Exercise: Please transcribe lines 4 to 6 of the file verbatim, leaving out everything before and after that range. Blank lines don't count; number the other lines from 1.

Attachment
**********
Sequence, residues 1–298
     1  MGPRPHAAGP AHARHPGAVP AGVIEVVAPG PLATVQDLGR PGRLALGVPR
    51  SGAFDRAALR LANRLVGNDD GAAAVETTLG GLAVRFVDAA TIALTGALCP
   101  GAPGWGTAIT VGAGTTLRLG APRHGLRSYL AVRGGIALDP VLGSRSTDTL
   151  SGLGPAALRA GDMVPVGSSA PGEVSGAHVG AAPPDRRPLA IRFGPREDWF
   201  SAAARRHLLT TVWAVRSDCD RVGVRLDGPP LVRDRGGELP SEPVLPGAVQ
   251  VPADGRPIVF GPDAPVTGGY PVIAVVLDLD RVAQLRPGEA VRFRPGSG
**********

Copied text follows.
   101  GAPGWGTAIT VGAGTTLRLG APRHGLRSYL AVRGGIALDP VLGSRSTDTL
   151  SGLGPAALRA GDMVPVGSSA PGEVSGAHVG AAPPDRRPLA IRFGPREDWF
   201  SAAARRHLLT TVWAVRSDCD RVGVRLDGPP LVRDRGGELP SEPVLPGAVQ